Braves: Containing the Dodgers run game needs to become a priority

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The excitement of the Braves last pair of wins over the Dodgers shouldn’t cause us to overlook one very concerning development: Atlanta can’t stop the Dodgers run game.

Game 1 wasn’t too bad. Both the Braves and Dodgers tallied two stolen bases apiece, with each side featuring a swipe that literally everyone at Truist Park saw coming (one by Trea Turner… and one by Ozzie Albies late in the game to set up Austin Riley‘s walk-off RBI). 

But whoo boy… Game 2 was a different story. In Sunday’s thrilling 5-4 win, LA stole a whopping four bases, with Mookie Betts accounting for two of those on his own. We wondered how the Dodgers have easily paced the Braves in the RISP department so far (by a tally of 18-8). Well, that has a lot to do with stolen bases. Basically anytime they want to, the LA base runners are taking second, which, in a postseason series, really puts the opposing team at a disadvantage. 

However, this really shouldn’t come as much of a surprise. If you’re the Dodgers, you almost have to at least try. Braves catcher Travis d’Arnaud has never been much of a threat to throw out would-be base stealers, which is clearly illustrated by his combined 13.5% caught-stealing rate since 2020 (compared to a league average rate of 24.5% in that span). 

So what are the Braves to do?

Really, Max Fried is the only Atlanta starter that wields an above-average move to first as he recorded a career-high six pick-offs during the 2021 regular season. At an average of four pick-offs per year from Fried, he’s by far better than either Charlie Morton or Ian Anderson, who’ve each averaged fewer than one per season during their respective careers. As far as the bullpen, it’s actually Drew Smyly that appears to be the most skilled at containing base runners. He may not be postseason-starter material, but he picked off five runners this season. A.J. Minter leads the regular relief core with two pick-offs, so he’s probably not keeping Betts or Turner from swiping second.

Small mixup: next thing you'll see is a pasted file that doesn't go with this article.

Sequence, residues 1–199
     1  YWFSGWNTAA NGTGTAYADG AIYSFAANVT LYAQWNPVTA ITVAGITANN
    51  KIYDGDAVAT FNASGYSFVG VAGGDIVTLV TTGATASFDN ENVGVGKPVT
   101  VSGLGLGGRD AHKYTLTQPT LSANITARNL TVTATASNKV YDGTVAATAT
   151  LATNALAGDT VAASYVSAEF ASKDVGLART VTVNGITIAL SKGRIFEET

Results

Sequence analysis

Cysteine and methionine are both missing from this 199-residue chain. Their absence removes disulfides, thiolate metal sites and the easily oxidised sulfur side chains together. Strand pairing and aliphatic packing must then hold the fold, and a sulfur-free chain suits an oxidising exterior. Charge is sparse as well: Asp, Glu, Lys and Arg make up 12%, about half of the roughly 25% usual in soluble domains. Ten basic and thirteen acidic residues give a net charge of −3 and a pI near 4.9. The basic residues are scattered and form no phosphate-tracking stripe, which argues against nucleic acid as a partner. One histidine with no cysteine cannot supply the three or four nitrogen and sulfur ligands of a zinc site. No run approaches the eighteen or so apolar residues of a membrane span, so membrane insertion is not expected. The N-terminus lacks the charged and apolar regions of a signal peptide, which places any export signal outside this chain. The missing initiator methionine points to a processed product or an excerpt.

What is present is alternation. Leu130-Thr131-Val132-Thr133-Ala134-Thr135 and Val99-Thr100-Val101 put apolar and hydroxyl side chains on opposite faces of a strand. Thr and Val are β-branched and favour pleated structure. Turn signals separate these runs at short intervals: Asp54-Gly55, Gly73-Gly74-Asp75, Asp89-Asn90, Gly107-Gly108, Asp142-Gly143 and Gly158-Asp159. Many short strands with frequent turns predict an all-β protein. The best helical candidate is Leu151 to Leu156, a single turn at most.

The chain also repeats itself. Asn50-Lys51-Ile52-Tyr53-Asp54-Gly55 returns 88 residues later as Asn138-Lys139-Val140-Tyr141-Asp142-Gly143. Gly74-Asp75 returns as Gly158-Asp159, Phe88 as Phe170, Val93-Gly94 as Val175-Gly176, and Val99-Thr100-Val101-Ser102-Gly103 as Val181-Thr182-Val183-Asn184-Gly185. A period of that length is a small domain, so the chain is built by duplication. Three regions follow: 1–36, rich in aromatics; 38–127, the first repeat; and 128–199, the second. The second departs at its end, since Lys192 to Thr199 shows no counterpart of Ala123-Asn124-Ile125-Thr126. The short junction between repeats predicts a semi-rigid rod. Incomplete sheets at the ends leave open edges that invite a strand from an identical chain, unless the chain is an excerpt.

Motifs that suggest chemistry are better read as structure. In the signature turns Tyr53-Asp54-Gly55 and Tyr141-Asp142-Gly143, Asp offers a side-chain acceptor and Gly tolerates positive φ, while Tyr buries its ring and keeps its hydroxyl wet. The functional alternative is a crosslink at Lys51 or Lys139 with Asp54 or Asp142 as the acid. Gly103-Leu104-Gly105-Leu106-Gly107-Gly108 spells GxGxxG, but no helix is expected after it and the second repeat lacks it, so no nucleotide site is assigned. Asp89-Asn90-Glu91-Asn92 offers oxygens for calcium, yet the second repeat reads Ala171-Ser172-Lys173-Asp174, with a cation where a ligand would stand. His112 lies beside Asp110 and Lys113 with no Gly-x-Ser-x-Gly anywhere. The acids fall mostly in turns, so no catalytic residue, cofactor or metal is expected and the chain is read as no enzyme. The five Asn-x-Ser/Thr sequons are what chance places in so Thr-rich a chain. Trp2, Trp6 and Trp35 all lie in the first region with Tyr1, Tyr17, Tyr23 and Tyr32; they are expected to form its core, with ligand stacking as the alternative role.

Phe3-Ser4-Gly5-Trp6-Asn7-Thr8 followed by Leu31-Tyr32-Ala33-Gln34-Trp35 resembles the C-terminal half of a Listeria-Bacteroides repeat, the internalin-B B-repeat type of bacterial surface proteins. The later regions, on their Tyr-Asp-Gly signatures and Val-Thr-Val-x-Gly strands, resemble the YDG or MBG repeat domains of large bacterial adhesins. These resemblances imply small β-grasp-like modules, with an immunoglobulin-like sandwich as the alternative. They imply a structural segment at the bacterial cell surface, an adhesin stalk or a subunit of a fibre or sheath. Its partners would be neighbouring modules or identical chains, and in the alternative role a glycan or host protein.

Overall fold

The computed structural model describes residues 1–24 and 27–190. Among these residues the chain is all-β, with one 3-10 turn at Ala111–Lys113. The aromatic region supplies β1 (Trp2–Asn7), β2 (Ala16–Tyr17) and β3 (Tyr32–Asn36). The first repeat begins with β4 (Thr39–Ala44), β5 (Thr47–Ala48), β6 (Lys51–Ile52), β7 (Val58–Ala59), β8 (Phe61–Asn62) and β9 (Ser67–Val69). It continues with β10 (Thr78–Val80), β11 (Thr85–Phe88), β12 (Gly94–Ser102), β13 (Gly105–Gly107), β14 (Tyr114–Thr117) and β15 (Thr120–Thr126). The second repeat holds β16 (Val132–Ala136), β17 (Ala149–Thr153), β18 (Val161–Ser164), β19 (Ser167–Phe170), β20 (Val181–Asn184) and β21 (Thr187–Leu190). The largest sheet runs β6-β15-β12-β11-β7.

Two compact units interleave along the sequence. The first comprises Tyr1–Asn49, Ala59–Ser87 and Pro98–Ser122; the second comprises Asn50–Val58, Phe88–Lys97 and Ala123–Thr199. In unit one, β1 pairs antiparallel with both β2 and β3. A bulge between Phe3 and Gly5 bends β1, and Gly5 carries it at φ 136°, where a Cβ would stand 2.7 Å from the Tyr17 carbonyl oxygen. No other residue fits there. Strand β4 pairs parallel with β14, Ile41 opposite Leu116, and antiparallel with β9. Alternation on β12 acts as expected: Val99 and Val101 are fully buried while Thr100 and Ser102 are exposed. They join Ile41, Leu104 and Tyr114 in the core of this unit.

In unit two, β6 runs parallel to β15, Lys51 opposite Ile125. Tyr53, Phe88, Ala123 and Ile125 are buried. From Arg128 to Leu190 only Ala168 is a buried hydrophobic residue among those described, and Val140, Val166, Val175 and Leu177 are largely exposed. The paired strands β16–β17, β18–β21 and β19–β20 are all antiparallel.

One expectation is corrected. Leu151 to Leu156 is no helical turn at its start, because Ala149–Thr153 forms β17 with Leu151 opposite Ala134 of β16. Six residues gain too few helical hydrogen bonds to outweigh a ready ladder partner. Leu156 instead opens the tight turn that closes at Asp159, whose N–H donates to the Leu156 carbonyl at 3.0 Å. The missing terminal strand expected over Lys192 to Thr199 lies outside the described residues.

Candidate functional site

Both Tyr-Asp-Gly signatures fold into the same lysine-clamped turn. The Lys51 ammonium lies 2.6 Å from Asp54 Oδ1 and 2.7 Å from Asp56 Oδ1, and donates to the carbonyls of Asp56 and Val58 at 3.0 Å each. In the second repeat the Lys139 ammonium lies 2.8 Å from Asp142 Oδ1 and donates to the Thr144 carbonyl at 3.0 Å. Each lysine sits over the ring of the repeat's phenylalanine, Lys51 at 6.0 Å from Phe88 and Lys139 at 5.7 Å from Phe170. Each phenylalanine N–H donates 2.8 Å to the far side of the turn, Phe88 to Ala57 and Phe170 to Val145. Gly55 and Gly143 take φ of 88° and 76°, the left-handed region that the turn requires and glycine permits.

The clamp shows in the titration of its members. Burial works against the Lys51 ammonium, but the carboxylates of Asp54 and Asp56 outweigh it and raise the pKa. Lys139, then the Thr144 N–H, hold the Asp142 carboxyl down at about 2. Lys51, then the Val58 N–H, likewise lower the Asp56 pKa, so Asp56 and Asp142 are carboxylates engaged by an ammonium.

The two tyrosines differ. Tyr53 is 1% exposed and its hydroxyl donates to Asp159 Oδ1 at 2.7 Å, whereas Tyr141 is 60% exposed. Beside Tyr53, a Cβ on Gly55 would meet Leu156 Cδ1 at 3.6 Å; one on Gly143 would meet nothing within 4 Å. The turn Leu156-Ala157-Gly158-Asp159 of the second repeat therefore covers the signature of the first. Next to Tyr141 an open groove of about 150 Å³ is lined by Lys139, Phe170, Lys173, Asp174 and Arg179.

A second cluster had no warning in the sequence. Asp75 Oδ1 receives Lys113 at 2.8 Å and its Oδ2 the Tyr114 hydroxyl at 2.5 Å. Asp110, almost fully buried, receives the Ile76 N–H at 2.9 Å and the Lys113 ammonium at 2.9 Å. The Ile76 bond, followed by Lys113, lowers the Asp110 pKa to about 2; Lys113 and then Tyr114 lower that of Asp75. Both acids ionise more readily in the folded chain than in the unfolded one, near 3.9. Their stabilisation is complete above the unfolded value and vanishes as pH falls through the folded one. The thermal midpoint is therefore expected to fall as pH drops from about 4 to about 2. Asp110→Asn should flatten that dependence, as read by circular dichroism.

Honestly, there may not be much the Braves can do to prevent such thievery. The LA lineup is filled with athletes, featuring at least three players that are a pretty good bet to successfully steal nearly every time they try (in Betts, Turner and Gavin Lux). But no one’s claiming Atlanta should suddenly stop LA from stealing. They just need to perhaps be more aware. Maybe try a few pitch-outs (is that even a thing anymore?).

One thing’s for sure, though, it’s probably unlikely the Braves continue coming out on top while allowing so many Dodgers to run free. It’s been a whacky series so far, and Atlanta just keeps finding more ways to win, but eventually, containing LA’s running game will need to become much more of a priority.

Thanks for reading about how the Braves must stop the Dodgers run game, if you liked this article, make sure to check out another article from Clint about how the trade deadline acquisitions have come up huge in the postseason. 

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